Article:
The demonstration of non-spuriousness is both critical in making causal statements and extremely difficult. Unfortunately this issue is often summarily dealt with in methodological treatments in which spuriousness is reduced to instances of “common cause”. It is argued here, among other things, that extraneous variables need not be prior to the independent nor necessarily causally related to either independent or dependent variable. This being so, spuriousness is a far more common theoretical problem than is often currently acknowledged, and we might do well today to listen again to the advice of an earlier generation of sociologists whose work on the topic deserves more careful attention than it appears to have received.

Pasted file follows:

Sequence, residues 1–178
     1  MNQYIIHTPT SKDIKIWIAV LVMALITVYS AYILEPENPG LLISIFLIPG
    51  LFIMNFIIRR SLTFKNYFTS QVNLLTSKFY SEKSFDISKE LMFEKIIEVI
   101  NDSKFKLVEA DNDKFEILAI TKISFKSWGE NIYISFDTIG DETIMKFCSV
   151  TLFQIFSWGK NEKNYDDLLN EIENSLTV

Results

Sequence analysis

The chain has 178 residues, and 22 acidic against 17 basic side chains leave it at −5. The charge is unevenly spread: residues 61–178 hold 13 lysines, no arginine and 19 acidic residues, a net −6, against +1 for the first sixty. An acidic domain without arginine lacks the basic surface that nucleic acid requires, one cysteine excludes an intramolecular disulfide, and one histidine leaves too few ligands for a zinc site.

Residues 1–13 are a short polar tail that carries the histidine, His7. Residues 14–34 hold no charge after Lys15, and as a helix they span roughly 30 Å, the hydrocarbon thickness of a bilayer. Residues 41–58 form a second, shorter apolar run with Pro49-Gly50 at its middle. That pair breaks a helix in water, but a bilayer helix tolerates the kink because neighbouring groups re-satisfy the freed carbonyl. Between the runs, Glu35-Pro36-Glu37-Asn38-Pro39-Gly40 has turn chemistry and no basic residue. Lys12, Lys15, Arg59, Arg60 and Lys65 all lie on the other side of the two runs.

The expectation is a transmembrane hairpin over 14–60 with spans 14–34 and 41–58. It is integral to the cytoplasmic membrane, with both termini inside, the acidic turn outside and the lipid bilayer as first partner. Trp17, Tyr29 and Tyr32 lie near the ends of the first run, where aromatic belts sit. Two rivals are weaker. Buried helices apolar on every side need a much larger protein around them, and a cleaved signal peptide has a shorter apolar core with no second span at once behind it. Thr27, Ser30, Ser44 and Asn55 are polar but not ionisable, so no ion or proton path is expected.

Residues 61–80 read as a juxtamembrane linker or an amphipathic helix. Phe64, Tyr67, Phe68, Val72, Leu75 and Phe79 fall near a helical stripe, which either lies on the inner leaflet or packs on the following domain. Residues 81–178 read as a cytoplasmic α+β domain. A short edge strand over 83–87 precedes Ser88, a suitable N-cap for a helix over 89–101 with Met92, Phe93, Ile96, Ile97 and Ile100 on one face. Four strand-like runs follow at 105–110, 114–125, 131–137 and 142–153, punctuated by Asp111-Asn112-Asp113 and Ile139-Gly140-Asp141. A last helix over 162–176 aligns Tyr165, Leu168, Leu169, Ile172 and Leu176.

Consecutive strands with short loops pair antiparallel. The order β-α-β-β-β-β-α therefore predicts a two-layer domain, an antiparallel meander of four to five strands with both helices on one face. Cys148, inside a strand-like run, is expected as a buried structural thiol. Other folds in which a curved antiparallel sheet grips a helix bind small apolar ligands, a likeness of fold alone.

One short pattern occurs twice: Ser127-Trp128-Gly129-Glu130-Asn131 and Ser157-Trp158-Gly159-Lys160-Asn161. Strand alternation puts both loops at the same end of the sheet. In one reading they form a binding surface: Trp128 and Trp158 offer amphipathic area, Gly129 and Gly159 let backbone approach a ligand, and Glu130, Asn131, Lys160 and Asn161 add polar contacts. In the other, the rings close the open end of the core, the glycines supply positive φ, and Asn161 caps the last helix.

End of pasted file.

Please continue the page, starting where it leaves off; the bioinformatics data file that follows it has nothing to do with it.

Quality & Quantity – Springer Journals
Published: Oct 6, 2004
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